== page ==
Title-Deeds of 1861

The following article is from The Great Soviet Encyclopedia (1979). It might be outdated or ideologically biased.

Title-Deeds of 1861

 

(ustavnye gramoty 1861), documents establishing the size of allotments to temporarily bonded peasants, in accordance with the Statutes of Feb. 19, 1861. The title-deeds also fixed the obligations for the use of the allotments and recorded information on the apportioning of land, the transfer of estates, and so on.

At the time of the Peasant Reform of 1861, each pomeshchik (landowner) drew up a title-deed, which was examined, approved, and implemented by a mirovoi posrednik (arbitrator of the peace); if the peasants rejected the title-deed, it could be approved even without their consent. The implementation of the title-deeds met with massive opposition from the peasantry. By Jan. 1, 1863, 95,000 title-deeds had been drafted, and 73,000 of them had entered into force; only 36,000, however, had been signed by the peasants. The task of drawing up title-deeds had basically been completed by 1864.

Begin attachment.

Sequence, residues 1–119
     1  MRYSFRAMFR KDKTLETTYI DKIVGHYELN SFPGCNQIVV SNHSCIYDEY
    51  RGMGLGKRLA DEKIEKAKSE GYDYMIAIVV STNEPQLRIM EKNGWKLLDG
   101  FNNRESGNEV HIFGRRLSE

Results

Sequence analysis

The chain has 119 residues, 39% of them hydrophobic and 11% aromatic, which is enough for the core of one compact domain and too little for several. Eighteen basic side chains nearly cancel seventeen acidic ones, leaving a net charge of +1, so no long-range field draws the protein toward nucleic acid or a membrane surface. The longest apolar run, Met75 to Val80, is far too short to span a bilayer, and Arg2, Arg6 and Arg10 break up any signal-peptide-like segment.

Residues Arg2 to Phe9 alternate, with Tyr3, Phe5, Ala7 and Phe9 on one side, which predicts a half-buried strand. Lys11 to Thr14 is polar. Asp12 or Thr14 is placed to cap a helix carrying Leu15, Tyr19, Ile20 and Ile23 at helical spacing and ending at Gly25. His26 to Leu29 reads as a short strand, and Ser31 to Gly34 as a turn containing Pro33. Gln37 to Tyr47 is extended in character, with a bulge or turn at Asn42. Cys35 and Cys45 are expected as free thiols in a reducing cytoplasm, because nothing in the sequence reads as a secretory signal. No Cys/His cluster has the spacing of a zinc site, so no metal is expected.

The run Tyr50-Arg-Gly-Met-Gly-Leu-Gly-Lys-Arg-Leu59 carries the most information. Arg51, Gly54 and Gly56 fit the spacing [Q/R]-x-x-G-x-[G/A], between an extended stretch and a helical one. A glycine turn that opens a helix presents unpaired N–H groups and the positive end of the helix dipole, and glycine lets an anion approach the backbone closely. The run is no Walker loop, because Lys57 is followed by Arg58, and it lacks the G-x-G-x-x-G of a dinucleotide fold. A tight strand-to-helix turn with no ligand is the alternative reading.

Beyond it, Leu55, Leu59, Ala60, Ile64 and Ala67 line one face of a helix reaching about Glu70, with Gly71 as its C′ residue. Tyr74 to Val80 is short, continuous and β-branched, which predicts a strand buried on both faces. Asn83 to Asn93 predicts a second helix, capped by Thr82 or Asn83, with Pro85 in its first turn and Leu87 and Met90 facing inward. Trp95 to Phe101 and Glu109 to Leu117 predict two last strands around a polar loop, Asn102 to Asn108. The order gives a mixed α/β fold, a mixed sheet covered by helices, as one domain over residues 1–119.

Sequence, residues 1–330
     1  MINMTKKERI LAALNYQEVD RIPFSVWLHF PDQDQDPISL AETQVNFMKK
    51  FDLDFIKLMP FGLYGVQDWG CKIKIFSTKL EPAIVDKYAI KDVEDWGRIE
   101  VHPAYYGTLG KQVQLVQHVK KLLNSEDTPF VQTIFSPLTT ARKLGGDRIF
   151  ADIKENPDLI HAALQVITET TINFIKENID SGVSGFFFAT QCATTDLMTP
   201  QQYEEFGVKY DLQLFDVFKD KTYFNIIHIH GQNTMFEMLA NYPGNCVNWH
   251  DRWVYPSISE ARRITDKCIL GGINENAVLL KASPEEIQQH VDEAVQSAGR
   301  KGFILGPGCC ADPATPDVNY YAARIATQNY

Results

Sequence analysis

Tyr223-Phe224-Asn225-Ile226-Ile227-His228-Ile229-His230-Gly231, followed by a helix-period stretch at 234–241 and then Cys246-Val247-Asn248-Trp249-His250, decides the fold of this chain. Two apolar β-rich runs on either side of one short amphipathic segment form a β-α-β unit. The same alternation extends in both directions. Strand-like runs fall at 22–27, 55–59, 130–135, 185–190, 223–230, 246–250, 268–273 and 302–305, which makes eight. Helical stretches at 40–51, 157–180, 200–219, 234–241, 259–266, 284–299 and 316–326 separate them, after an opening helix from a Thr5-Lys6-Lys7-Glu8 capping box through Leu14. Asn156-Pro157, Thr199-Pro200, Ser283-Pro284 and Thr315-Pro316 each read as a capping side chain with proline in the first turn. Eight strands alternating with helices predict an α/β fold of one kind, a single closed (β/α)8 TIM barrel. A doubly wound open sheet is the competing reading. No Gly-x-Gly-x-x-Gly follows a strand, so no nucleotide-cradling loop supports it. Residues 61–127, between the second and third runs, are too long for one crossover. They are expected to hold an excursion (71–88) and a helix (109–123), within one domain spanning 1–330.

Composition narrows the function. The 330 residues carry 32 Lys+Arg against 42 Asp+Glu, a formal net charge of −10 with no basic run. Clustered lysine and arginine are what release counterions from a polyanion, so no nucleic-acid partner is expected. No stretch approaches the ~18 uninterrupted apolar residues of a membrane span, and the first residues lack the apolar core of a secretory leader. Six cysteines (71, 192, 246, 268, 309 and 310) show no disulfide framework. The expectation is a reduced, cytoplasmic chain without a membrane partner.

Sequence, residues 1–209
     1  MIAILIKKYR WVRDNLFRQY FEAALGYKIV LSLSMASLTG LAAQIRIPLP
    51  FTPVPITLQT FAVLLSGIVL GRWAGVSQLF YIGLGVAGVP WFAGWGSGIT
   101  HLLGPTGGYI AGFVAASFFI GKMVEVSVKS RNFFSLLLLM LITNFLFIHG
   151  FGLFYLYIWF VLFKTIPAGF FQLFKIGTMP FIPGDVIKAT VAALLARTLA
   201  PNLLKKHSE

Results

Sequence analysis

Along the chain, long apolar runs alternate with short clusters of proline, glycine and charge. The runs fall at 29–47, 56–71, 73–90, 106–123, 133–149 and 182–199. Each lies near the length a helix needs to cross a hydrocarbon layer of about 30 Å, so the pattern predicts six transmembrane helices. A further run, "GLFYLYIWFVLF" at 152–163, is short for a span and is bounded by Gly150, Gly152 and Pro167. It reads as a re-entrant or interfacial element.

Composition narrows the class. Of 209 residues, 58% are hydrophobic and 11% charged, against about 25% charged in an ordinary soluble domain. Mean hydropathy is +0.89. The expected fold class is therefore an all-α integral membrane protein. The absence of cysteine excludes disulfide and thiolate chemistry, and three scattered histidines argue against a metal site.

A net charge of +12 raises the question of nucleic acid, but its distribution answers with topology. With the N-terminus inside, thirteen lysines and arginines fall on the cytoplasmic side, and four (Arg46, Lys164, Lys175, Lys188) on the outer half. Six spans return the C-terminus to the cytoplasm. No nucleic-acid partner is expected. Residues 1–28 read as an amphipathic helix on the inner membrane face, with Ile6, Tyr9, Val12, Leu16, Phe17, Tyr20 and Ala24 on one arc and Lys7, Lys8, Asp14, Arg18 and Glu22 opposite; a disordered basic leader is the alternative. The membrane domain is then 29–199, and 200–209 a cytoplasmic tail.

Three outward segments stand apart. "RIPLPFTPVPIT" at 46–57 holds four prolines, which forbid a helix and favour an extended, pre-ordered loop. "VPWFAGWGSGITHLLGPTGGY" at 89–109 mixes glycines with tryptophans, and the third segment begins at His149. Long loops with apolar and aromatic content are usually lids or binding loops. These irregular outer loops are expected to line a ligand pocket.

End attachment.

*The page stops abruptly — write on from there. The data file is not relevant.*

In accordance with the Statute of June 26, 1863, title-deeds were also drafted for appanage peasants.

REFERENCES

Litvak, B. G. “K istorii formuliara ustavnoi gramoty 1861 g.” In Arkheograficheskii ezhegodnik za 1957g. Moscow, 1958.
Zaionchkovskii, P. A. Provedenie v zhizn’ krest’ianskoi reformy 1861 g. Moscow, 1958.
The Great Soviet Encyclopedia, 3rd Edition (1970-1979). © 2010 The Gale Group, Inc. All rights reserved.